Bluethroat Wrasse (2020)

Notolabrus tetricus

  • Nils Krueck (Institute for Marine and Antarctic Studies, University of Tasmania)
  • Anthony Fowler (South Australian Research and Development Institute)
  • Victorian Fisheries Authority (Victorian Fisheries Authority)
  • Julian Hughes (New South Wales Department of Primary Industries)

Date Published: June 2021

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Bluethroat Wrasse are found on rocky reefs around south-eastern Australia. Catches in VIC, TAS and SA are considered to be sustainable. Catches in NSW are considered to be negligible.

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Stock Status Overview

Stock status determination
Jurisdiction Stock Stock status Indicators
Victoria Victoria Sustainable Catch, effort, catch rates
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Stock Structure

Bluethroat Wrasse are found on rocky reefs around south-eastern Australia, including southern New South Wales, through Victorian and Tasmanian waters, to South Australia [Edgar 1997]. There is currently no information available regarding the biological stock structure of Bluethroat Wrasse in Australian waters. The species has a planktonic larval duration ranging from 44 to 66 days [Welsford 2003]. Once settled, Bluethroat Wrasse show a high degree of site fidelity [Edgar et al. 2004], suggesting that despite the potential for extensive dispersal of larvae by ocean currents exploited populations in each jurisdiction could represent different stocks. Thus, conservatively, assessment of stock status is presented at the jurisdictional level—New South Wales, Victoria, Tasmania and South Australia.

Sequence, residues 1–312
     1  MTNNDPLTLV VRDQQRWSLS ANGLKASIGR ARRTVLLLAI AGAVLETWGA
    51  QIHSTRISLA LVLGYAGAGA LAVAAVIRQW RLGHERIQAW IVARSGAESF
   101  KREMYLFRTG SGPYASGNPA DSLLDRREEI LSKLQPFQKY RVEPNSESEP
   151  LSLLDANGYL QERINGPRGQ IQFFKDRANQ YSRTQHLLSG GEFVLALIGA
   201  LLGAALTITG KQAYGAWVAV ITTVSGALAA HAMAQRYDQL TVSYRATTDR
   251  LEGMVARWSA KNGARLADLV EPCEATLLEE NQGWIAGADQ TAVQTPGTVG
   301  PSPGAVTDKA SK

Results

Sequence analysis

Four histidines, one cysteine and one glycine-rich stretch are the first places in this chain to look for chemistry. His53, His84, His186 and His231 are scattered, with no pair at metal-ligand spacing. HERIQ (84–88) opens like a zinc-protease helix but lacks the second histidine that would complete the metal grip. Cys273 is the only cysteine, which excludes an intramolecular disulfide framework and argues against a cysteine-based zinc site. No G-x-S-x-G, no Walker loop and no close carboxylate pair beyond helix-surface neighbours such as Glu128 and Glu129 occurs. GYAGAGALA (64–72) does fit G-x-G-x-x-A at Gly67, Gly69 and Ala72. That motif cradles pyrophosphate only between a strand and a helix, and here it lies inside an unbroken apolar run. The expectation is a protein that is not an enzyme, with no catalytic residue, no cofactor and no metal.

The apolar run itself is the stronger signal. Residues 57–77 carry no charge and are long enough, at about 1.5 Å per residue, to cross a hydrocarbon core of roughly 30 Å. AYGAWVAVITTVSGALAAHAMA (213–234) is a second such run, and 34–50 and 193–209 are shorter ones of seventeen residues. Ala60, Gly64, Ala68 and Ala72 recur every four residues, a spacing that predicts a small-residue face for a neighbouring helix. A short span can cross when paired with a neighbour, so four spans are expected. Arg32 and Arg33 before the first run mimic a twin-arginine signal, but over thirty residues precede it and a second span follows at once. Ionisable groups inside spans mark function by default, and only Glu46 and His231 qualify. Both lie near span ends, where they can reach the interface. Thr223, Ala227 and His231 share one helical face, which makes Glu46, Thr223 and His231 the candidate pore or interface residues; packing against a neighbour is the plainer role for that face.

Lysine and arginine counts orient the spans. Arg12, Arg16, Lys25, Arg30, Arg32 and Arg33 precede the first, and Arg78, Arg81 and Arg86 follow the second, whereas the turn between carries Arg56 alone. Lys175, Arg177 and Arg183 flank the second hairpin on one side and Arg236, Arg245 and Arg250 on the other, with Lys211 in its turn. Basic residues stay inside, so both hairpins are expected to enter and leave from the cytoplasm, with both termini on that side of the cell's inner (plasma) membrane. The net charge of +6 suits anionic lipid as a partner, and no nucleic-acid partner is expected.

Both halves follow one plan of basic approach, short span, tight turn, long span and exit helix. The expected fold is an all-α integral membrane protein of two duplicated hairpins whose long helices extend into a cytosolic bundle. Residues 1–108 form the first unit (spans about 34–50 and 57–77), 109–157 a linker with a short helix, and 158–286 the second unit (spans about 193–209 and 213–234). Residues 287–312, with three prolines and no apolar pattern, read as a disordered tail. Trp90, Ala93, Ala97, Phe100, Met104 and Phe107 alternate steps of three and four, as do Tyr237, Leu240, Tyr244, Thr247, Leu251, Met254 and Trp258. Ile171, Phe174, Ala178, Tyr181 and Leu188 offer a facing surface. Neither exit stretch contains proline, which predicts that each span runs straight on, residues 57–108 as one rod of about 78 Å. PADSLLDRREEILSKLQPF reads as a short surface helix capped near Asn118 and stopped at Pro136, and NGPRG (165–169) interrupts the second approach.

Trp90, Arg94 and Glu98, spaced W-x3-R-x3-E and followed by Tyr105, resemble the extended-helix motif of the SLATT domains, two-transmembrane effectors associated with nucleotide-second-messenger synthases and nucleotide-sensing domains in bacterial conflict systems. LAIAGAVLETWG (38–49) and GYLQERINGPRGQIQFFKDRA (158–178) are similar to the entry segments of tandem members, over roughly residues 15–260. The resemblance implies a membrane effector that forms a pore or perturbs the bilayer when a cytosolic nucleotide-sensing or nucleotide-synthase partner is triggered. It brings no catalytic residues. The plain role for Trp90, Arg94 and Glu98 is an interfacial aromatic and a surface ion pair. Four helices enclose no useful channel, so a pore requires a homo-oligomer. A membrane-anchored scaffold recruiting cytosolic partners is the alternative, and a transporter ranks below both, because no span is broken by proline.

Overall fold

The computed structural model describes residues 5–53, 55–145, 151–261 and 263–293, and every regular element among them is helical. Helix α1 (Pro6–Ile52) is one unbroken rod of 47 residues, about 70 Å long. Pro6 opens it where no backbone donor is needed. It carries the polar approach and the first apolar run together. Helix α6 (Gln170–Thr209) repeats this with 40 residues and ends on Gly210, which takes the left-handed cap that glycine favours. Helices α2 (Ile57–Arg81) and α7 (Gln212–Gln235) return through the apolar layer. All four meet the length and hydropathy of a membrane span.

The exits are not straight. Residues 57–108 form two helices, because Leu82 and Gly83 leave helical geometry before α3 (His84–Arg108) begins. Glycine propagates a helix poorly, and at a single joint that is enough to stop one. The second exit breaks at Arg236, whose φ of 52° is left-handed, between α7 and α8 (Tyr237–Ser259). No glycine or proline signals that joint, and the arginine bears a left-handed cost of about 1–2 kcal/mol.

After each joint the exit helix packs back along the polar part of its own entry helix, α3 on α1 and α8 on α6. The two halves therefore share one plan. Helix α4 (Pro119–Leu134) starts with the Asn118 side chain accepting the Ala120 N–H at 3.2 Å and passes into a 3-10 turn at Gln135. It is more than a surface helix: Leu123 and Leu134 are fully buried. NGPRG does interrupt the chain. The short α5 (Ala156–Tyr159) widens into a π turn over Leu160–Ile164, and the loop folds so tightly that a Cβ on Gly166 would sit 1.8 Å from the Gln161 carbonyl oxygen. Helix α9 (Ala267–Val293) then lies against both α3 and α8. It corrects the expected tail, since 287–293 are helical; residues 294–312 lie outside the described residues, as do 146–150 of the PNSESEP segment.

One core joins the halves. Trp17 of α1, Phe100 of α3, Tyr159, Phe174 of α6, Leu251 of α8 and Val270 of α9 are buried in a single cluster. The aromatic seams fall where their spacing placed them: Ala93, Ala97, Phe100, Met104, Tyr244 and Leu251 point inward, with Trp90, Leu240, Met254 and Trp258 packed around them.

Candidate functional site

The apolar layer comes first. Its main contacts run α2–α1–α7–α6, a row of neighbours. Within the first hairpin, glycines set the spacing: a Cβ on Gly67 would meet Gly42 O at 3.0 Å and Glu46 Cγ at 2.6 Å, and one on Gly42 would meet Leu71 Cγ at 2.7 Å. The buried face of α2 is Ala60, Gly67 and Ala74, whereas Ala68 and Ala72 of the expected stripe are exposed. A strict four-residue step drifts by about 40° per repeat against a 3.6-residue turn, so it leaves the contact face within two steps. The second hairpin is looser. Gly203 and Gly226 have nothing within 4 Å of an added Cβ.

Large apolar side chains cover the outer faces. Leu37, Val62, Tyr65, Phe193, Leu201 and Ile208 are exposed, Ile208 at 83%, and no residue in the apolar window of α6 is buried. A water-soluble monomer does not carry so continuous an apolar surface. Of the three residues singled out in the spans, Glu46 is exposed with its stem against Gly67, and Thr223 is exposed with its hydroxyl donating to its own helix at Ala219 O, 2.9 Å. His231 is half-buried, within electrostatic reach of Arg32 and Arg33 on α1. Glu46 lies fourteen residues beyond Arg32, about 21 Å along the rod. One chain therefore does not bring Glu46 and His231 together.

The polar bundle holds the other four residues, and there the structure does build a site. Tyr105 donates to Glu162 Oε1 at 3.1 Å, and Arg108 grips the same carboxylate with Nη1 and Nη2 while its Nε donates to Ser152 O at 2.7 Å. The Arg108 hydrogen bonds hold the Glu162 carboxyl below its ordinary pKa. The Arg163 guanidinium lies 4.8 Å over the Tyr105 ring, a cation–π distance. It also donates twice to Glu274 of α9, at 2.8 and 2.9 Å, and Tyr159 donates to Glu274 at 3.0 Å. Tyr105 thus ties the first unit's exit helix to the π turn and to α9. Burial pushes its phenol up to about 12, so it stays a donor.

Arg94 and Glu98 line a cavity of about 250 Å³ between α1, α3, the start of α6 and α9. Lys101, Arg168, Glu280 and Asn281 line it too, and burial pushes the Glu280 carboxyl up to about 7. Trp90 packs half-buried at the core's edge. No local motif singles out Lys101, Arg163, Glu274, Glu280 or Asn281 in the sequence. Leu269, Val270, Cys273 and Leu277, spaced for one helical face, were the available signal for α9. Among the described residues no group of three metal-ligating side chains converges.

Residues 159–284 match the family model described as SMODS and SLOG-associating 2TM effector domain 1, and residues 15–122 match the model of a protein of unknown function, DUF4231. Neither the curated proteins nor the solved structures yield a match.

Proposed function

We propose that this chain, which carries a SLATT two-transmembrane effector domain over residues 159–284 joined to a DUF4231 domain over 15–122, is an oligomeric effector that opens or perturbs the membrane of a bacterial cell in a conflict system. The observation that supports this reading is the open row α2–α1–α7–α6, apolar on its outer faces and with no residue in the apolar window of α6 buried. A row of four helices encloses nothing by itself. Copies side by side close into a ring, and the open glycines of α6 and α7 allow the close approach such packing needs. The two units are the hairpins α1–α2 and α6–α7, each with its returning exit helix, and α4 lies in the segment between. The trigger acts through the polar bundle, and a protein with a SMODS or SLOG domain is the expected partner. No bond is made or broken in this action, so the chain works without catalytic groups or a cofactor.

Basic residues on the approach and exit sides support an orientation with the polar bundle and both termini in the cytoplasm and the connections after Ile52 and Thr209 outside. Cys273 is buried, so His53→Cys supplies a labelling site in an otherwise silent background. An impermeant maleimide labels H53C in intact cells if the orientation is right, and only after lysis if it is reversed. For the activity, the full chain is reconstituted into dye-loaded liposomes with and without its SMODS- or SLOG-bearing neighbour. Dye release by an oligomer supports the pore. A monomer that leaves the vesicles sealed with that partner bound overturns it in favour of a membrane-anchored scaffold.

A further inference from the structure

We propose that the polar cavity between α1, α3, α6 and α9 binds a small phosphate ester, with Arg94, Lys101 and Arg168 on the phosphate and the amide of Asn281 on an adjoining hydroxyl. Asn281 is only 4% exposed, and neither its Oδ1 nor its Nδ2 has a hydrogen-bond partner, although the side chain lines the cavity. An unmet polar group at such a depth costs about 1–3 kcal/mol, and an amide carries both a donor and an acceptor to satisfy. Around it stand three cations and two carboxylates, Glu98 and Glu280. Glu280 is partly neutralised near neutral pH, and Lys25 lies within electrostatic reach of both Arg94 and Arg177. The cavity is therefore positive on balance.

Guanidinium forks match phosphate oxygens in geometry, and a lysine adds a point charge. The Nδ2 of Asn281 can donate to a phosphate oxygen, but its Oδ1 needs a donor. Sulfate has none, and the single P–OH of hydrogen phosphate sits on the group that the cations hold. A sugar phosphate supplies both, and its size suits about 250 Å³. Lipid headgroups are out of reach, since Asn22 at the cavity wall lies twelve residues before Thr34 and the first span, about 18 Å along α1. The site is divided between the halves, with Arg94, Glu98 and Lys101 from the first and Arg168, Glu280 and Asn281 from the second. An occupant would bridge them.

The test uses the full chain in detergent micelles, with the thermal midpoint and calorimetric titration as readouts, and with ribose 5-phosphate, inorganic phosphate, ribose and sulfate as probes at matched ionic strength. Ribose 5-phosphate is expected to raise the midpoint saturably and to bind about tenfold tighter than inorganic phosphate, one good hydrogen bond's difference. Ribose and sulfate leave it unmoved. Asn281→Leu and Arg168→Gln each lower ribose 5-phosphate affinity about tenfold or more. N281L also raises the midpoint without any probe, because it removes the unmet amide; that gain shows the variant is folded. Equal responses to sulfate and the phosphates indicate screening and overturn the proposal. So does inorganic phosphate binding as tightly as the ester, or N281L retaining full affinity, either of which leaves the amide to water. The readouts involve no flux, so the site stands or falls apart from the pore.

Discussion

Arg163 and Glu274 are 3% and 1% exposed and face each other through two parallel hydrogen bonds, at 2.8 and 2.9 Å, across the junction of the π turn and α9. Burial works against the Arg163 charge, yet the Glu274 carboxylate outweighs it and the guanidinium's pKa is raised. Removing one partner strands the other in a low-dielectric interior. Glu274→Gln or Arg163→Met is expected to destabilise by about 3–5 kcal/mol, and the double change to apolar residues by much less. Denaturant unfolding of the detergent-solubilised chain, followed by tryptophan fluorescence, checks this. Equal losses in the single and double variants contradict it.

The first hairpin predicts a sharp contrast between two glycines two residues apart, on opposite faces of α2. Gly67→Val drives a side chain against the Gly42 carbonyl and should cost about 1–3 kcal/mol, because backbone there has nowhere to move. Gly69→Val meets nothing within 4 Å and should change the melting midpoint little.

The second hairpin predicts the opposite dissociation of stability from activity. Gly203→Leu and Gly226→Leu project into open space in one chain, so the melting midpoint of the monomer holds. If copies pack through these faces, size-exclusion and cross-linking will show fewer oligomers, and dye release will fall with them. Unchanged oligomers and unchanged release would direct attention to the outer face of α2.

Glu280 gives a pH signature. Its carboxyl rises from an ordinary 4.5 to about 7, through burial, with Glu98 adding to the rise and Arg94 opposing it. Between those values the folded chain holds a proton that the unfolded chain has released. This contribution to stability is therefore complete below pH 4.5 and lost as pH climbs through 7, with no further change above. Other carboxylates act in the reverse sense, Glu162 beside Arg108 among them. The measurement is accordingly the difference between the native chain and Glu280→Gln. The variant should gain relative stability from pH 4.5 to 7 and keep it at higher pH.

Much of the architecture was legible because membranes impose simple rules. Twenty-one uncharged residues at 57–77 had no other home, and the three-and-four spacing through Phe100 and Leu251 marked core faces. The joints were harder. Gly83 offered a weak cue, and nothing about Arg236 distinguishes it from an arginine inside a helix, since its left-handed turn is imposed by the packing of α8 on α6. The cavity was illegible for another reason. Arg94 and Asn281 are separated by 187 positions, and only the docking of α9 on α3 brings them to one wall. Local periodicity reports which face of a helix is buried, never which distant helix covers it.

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Stock Status


Bluethroat Wrasse are the predominant species harvested by the Victorian Ocean Wrasse (OW) Fishery, primarily to supply the live fish market. Bluethroat Wrasse were historically harvested commercially in Victorian waters under the general Victorian Ocean Fishery (OF) access licence, but in April 2017, a transferable Ocean Wrasse licence was created with 22 licences issued. Each licence can be operated throughout the State. 

Harvests of Bluethroat Wrasse increased rapidly to around 90 t per year when a market for wrasse was established in the early 1990s. However, market preference for live fish saw many OF fishers cease to target them. By 2010 the state-wide harvest had declined to current levels of 20–30 t per year. The harvest in 2017–18 and 2018–19 has been around 29 t and the average annual catch of Bluethroat Wrasse for the past 5 years was 26 t (86 per cent of total wrasse landings) compared with 1 t recorded for Purple Wrasse and 3 t for other wrasse species [VFA 2019]. Over the last two years 9 per cent of the wrasse harvest has been by pots [Conron et al. 2020].